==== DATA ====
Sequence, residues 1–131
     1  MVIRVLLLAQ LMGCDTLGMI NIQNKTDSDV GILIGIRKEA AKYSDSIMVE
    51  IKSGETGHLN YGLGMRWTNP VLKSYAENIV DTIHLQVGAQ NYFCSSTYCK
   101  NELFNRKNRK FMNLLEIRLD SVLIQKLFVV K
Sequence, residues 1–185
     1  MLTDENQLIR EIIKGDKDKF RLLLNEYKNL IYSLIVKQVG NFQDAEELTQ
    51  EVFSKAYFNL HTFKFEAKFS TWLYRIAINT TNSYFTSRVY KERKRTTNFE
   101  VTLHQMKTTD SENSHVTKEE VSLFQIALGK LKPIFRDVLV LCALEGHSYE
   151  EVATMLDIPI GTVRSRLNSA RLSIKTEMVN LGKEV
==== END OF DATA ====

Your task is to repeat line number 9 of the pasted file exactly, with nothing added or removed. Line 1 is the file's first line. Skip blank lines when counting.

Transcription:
   151  EVATMLDIPI GTVRSRLNSA RLSIKTEMVN LGKEV